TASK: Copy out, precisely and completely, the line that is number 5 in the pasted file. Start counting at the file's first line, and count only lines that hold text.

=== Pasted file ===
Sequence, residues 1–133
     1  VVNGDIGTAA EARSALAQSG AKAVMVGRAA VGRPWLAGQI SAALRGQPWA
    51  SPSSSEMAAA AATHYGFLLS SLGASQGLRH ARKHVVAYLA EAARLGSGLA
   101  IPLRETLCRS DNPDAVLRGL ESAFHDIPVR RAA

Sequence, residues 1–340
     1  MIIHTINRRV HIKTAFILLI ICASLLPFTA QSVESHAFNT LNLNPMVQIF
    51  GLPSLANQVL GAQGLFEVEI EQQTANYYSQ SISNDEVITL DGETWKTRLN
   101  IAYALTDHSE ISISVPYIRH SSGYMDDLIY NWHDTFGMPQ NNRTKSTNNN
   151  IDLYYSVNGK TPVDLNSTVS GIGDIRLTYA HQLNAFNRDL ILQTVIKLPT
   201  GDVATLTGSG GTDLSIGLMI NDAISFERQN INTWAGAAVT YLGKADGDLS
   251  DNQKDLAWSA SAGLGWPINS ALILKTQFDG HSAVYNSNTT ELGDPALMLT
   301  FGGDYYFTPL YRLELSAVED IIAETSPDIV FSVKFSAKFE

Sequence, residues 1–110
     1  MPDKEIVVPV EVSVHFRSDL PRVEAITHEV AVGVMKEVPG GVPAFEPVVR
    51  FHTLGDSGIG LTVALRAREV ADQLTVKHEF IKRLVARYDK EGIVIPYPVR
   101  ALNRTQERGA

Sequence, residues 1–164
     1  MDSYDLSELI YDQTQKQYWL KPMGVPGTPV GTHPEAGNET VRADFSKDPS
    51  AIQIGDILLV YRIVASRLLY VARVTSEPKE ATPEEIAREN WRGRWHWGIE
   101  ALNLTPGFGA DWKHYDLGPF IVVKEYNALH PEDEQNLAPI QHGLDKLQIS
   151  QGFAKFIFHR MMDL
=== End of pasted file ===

Sequence, residues 1–340